Most local faults in SANs are caused by changes and operations errors. Operations are typically performed twice -- once for each fabric in a dual-fabric redundancy set-up. Consequently, a large percentage of these actions result in related faults in two redundant access paths. Of these actions, which are typically performed manually, as high as 5% or more may have some kind of error.
Last year, in one of the largest banks in New York, there were a few incidents in which production application downtime was caused by corresponding zoning configuration errors repeated across both dual-fabrics. In an insurance organization, multiple application disruptions were caused by the same interoperability violation in the corresponding dual-access paths.
There are some classes of SAN faults for which a single fault is sufficient for causing an application disruption, despite the redundancy fault-tolerance mechanism.
For example, if a storage LUN is erroneously allocated to two different applications (two separate access paths), data corruption and applications downtime often results. Such conflicting allocations are fairly likely, due to the fact that old configurations are often not fully cleaned up following such changes such as migration and decommissioning.
In over 30% to 40% of device-decommissioning and migration changes, some old configurations are not cleaned up. In each case, a single additional event, such as allocation of a previously-used component, may result in data corruption and application downtime.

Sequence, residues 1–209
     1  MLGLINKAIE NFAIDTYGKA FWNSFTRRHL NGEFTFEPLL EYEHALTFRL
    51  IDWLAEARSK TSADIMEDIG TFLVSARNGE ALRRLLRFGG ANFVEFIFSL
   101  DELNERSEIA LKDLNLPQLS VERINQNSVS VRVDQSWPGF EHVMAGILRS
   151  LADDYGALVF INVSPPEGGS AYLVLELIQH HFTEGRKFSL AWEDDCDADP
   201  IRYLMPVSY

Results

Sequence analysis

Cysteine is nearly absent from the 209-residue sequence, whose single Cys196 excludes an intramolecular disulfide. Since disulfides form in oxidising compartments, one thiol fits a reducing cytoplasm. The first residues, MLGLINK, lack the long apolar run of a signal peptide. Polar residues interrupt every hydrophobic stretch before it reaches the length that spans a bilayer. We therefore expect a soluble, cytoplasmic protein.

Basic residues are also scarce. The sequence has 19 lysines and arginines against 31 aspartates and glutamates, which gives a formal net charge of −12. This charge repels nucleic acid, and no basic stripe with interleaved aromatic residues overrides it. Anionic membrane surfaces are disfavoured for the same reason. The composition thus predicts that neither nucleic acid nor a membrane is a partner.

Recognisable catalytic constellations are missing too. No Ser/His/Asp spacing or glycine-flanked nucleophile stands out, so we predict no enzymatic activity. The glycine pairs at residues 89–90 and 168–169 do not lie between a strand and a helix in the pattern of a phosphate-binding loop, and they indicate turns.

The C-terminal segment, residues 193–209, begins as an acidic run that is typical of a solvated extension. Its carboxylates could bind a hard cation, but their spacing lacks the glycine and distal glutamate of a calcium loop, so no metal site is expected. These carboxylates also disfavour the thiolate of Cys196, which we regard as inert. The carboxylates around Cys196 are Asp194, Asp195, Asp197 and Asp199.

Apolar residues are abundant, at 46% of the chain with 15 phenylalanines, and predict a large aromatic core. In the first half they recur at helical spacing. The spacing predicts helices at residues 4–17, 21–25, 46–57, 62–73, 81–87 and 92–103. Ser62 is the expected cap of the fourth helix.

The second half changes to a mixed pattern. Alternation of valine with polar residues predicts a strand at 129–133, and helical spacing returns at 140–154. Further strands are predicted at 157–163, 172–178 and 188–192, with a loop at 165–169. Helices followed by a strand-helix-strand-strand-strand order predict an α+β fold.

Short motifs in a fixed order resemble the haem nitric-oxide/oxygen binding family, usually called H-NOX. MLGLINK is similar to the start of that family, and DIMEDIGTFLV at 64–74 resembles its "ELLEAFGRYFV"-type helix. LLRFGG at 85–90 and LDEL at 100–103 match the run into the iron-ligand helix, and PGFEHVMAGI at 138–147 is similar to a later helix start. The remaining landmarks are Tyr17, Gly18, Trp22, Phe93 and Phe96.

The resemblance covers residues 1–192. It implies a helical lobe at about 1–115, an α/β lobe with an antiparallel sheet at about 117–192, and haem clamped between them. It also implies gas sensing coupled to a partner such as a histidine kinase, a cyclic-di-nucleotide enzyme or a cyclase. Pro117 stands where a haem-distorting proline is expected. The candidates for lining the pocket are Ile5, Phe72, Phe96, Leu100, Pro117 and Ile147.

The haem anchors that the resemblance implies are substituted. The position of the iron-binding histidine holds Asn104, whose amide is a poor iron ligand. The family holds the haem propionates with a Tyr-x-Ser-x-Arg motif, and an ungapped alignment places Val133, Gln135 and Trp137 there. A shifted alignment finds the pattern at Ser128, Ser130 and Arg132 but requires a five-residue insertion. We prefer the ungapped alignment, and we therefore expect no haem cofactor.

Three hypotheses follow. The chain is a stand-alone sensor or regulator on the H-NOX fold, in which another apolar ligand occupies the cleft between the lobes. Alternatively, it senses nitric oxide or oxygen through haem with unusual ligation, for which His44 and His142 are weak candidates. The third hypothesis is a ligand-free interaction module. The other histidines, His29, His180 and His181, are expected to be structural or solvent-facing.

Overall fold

At one of the world's largest investment banks, reuse of an old HBA in a new server resulted in data corruption and disruptions to business-critical applications, because old zone configurations were not cleaned up in fabric switches.
All of the fault-tolerance deficiencies above can be addressed by an approach that augments traditional redundancy mechanisms. This approach, which can be considered a "process-redundancy" enhancement, incorporates continuous feedback and feed-forward end-to-end validation steps into SAN management processes. Process-redundancy enhancement eliminates all the above deficiencies of traditional redundancy mechanisms (undetected faults, dependent faults and out-of-scope faults).
Software solutions such as Onaro's SANscreen provide such process-redundancy capabilities by:
After implementing such an enhanced approach with Onaro's SANscreen solution, State Street Global Advisors (SSGA), a leading investment bank, dramatically reduced SAN-related application disruptions to zero in 2004.
As demonstrated at SSGA and numerous other organizations, such an enhanced SAN validation approach not only significantly reduces the disruption risk, but it can also reduce operational and capital costs and can also be extended to other parts of the IT infrastructure. Ultimately, this approach leads to better quality of service and better quality of business.